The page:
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falls on the shoulders of those of us here. not only at the white house with the president and his advisors but with the congress, the senate and the house. and we now have the opportunity, maybe a historic opportunity, i do believe it's a historic opportunity to right the wrongs and to put in place something that, yes, will have an impact, yes, it's medicine that we have to take for our excessive spending, but it will bring about the cure. and how many of us, thinking about the future for our children, our grandchildren, the nation's children, the nation's grandchildren, how many of us can stand here and simply say, well, we're doing okay at our level, our generation, but we're not willing to make any sacrifice whatsoever to ensure that this country can provide for future generations. most agree that if we don't have a package that has $4 trillion
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to $4.5 trillion of spending reduction over the next ten years, it will not be a credible package. and there's also now almost universal agreement that unless we incorporate entitlement reform or the mandatory spending that has to take place over which we have no control because of the laws we put in place basically say these go on automatically, now eating up 64% of our budget, and denying those who come to us about improving our roads, providing medical research, supporting education, whatever your interest, those interests are receiving less support than they have before, and they will continue to receive less support to the point where they may receive no support because the mandatory is projected with the baby boom retirement of accelerating to points which our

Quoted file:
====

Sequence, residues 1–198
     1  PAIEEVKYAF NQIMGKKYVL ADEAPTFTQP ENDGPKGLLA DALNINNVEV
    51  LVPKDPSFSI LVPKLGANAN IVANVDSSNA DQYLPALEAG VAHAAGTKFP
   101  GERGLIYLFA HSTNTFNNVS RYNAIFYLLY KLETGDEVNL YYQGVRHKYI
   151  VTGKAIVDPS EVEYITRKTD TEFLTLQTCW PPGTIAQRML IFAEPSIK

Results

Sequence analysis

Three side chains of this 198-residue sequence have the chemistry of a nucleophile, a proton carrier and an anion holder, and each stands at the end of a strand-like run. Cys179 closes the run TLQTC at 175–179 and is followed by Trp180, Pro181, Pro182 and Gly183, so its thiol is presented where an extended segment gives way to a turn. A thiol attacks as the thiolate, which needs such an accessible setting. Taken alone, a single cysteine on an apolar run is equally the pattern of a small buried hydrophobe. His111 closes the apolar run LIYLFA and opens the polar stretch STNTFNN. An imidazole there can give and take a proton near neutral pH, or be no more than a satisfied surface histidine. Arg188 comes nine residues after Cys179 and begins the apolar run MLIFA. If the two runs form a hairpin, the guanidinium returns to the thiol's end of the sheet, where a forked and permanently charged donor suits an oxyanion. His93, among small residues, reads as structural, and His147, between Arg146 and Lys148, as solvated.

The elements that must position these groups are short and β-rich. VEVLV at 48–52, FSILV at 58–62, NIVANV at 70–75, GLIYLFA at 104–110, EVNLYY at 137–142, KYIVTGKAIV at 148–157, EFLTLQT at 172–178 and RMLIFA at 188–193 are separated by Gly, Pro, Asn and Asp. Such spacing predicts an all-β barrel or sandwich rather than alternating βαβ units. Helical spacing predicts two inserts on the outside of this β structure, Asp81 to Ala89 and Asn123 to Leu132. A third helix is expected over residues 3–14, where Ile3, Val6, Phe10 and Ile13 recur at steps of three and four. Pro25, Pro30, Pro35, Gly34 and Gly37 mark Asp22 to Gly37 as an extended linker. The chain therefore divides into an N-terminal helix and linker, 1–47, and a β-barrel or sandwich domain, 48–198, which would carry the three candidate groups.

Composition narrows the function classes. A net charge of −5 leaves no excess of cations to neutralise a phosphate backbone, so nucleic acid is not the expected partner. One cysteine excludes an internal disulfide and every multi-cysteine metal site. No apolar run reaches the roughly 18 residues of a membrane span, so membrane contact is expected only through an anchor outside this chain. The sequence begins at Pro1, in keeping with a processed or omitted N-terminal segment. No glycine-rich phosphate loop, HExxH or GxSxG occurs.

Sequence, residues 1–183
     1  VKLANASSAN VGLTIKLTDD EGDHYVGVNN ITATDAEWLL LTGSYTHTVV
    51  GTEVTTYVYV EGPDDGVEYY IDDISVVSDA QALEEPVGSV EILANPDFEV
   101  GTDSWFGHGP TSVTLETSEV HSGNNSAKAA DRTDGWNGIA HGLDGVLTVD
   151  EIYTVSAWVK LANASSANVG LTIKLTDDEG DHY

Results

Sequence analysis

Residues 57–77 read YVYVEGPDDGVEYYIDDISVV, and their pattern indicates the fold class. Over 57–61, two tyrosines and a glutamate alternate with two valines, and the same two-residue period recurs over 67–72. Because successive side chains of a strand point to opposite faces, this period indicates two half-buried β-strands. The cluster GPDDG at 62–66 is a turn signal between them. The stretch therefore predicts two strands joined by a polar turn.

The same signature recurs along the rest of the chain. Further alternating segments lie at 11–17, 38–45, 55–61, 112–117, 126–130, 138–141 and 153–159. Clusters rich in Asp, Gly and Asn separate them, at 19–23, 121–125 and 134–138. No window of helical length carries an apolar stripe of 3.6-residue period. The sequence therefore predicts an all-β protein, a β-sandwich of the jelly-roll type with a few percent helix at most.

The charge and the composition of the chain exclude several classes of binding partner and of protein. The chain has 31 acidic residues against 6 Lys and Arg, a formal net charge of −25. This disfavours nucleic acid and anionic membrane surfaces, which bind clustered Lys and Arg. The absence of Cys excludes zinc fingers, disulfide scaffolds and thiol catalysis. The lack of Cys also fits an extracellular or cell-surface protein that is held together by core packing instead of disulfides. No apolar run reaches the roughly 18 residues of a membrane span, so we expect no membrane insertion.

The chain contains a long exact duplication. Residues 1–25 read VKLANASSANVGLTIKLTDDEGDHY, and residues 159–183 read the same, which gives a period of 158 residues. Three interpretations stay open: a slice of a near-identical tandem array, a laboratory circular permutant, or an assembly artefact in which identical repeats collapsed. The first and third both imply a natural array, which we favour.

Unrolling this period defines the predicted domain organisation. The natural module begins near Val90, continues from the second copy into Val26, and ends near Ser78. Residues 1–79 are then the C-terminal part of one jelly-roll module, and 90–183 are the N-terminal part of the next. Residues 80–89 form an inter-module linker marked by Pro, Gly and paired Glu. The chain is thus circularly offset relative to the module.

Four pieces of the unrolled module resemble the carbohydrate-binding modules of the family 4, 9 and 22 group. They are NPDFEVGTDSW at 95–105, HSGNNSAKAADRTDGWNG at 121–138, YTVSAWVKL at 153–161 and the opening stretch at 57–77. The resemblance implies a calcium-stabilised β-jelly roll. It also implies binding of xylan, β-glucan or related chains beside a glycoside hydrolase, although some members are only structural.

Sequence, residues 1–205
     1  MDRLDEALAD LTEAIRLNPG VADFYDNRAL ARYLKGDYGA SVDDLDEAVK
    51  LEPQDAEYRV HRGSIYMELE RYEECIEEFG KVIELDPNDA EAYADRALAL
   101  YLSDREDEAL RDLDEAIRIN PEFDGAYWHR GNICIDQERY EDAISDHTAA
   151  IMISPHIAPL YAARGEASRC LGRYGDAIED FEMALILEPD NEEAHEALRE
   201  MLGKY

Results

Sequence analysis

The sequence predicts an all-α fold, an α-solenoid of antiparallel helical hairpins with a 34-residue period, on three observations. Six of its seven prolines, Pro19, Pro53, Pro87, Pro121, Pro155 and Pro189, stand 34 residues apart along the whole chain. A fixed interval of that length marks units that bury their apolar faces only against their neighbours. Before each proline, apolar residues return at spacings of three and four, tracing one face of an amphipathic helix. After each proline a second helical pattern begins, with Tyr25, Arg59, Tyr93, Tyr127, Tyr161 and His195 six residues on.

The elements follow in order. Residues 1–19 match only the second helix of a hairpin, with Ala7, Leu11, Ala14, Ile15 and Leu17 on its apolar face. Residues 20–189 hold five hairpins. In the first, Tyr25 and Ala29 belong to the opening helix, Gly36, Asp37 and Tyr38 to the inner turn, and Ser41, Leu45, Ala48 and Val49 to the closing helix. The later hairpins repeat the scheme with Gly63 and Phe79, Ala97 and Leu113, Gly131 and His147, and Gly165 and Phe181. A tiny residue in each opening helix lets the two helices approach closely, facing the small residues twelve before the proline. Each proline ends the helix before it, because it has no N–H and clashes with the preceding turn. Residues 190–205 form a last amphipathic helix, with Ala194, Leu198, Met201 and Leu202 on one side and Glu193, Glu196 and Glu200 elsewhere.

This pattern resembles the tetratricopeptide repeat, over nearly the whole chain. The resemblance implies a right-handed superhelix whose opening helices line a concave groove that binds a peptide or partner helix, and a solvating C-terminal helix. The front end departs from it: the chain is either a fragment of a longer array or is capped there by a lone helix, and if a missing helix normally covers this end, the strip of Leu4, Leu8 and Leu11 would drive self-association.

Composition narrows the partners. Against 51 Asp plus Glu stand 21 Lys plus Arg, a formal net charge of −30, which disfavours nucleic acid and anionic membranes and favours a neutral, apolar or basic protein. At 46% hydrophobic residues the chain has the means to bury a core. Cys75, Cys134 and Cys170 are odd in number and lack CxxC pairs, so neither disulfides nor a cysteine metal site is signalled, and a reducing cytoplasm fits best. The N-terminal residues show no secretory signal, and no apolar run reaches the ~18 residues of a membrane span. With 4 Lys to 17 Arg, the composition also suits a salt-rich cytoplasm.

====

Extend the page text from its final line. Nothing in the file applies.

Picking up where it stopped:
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country simply cannot afford, it will drive us into bankruptcy. so if the package that is brought down, hopefully, from the white house or if we do not address in this body the spending issue that incorporates the restructuring for the preservation of medicare, medicaid, and social security, but also with the realization that unless we do something those programs are going to go bankrupt, have severe impacts on those who are currently receiving those benefits. unless we do that, we will not have a credible package. senator wyden and i have proposed comprehensive tax reform as something that needs to be done, regulatory form is something that i support. but if we don't acknowledge that the final package presented to us incorporates those long-term solutions, we will simply be
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back here in the next debt limit crisis, we'll be back here in the next fiscal crisis, we will continue to see our country languish in terms of providing growth and job opportunities for our people, and we will not have addressed the problem, kick the can down the road one more time i think to the disgust and displeasure of the american people, they're cynical enough about our ability to do something as we speak, let alone what might happen if we can't come to an agreement that everybody knows we need to come to. mr. president, when i decided to run again in 2010 after being out of the senate for more than a decade, i didn't do it just to regain the title of senator. i didn't put retirement on hold and more time with my family aside because i thought it would be fun to be back here. i did it because i want to be able to leave a stronger country for my children and grandchildren. and for others' children and grandchildren. i did it because i want to